Paralympic success challenges China’s attitude to disability

Cultural perceptions in China cast disabled people as second-class, struggling citizens

Xu Qing, who lost both arms in a car accident at the age of six, is nicknamed “The Shark” because of a tattoo on his back. Along with other Paralympians, his success is helping to change Chinese attitudes to disabled people.

Xu Qing, who lost both arms in a car accident at the age of six, is nicknamed “The Shark” because of a tattoo on his back. Along with other Paralympians, his success is helping to change Chinese attitudes to disabled people.

 

After what was by Chinese standards an underwhelming performance at the Olympics, the response to swimmers Huang Wenpan and Xu Qing taking five and three gold medals each at the Paralympics in Rio was one of wild celebration.

A disabled child is often considered a shameful secret to be hidden in many families, but the success of the Paralympics team, winning 107 gold, 81 silver and 51 bronze medals, has significantly raised the profile of disability issues in China.

In China, there are 85 million disabled people, more than 70 per cent living in rural areas, but the profile of people with disabilities has long been much lower than in the West and discrimination is widespread.

A study by Save the Children this month showed two-thirds of parents in China said they would be concerned if mainstream schools allowed disabled children to study with those who are not. Nearly half of the parents surveyed said they were worried their children may pick up bad habits by mingling with disabled children, the Caixin magazine reported.

Xu Qing, who lost both arms in a car accident aged six but was pushed to take up swimming by a doctor, is nicknamed “The Shark” because of a tattoo on his back. His success at sport has also earned him the nickname “Ten Golds”.

Mainstream media was widely slammed online for not giving enough coverage to the Paralympics, and people took to social media to hail athletes like Xu as “simply brilliant” and “our hero”, along with fulsome praise for the other Paralympians, including fellow swimmer Li Zhang who won four golds, wheelchair racer Zhou Hongzhuan who won three, and wheelchair fencer Zhou Jingling.

Inspiration and leadership

Yang DongpingChina Disabled Persons Federation

“We are making efforts for them to have a better quality of life gradually, and integrate disabled people into society. It is true that disabled athletes are only a small part of the disabled population but they provide inspiration and leadership to society to focus more on benefits for the disabled,” he told The Irish Times in an interview.

Yang concedes the situation in China for people with disabilities has a long way to go. The streets of the capital are not that convenient for disabled people. “Things are getting better, though obviously disabled people still are not like non-disabled people,” he said.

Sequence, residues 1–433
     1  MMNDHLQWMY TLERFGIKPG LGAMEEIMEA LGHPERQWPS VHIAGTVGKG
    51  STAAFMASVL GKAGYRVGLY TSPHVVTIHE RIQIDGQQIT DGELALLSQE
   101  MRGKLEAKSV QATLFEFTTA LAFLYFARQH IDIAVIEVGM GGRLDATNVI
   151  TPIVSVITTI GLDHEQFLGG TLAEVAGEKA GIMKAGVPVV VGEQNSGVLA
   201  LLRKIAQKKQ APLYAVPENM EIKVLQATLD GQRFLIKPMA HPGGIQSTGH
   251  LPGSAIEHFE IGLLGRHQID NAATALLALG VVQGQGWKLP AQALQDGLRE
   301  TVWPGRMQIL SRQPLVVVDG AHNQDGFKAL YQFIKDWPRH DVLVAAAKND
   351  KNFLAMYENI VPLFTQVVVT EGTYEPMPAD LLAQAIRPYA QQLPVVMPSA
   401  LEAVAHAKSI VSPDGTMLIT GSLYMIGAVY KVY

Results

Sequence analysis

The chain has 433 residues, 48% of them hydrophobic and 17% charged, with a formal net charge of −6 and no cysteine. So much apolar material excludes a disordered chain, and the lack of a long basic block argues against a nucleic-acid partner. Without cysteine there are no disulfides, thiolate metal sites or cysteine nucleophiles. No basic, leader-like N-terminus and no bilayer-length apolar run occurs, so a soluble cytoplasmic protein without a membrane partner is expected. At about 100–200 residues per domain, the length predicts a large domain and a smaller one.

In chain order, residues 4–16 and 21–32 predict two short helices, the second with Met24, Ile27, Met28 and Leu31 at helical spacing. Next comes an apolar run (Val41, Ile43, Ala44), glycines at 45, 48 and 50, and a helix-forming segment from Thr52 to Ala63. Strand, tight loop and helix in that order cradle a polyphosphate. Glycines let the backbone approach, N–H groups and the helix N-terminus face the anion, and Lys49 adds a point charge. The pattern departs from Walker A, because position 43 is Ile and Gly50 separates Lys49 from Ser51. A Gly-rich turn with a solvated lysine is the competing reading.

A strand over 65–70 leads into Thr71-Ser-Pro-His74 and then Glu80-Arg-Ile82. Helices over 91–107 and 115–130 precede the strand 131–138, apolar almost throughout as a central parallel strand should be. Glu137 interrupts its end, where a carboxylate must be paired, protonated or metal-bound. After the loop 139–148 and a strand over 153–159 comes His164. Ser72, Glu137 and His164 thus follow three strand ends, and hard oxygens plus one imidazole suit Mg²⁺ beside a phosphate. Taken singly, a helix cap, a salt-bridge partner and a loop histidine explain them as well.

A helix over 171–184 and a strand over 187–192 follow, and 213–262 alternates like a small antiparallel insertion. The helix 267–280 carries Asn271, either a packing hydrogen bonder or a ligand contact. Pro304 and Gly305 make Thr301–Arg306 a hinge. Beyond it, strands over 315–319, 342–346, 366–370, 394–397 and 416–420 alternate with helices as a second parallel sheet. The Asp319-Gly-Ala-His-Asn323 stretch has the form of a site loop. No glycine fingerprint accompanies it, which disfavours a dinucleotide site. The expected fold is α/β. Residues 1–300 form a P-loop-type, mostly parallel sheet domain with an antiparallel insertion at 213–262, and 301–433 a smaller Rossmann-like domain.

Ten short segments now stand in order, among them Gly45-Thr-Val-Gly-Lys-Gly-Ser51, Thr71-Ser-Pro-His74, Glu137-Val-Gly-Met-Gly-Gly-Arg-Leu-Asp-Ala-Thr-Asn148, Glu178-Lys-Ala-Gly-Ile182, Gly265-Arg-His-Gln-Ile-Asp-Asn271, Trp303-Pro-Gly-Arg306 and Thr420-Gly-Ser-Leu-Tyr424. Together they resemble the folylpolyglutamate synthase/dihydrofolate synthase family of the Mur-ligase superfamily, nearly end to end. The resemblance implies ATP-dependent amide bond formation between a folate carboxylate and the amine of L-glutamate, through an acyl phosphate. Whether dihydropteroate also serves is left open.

According to the CDPF, nearly 30 per cent of disabled children aged six to 14 have no access to nine years of compulsory schooling, because schools refuse to accept them. Only 58 per cent of children with disabilities in China go to conventional schools.

These kind of statistics have engendered sympathetic postings on the social network Weibo. A commentator called Shanzha wrote: “The number of gold medals won can’t make up the fact that China lacks an infrastructure for disabled people and lacks social benefits. Developed countries have a more complete system, China still needs to make a lot more effort.” Another blogger called Jewler wrote: “Does anyone really understand the ordinary life of a disabled person? The disabled even have problems taking public transport.”

Sport vs civic life

And despite the feelgood factor generated by the Paralympics, some attitudes remain. “In my opinion, the disabled only cause trouble by taking the subway. It’s stuffy enough for ordinary people, is it even rational to allow a guide dog on the subway? Aren’t you afraid of something happening to the dog? The disabled in China mostly have their family to look after them anyway.”

Achieving excellence in sport is seen as an important step in changing these stances.

China has trained more than 42,000 fitness instructors for disabled people and has built 225 provincial and 34 national specialised sports centres. Disability tends to be seen as a problem to be solved.

This month China’s cabinet, the State Council, issued a national action plan “aiming to effectively reduce new disabilities by 2020 through promoting awareness and early screening”. The government is introducing pre-natal check-ups and health checks to screen for hereditary conditions which will respectively cover 60 per cent and 80 per cent of females over the next five years, the Xinhua news agency reported.

The implication is that pregnancies where disabilities are discovered would be terminated. Where a foetus is discovered to have Down syndrome, for example, 95 per cent of women terminate the pregnancy, a figure that compares with countries such as Denmark, where the figure is between 95 and 98 per cent. While there is a major ethical discussion in the West about abortion where the foetus is disabled, this debate is absent in China where abortion is one of the most common methods of population control as part of the one-child, and now the two-child, policy.

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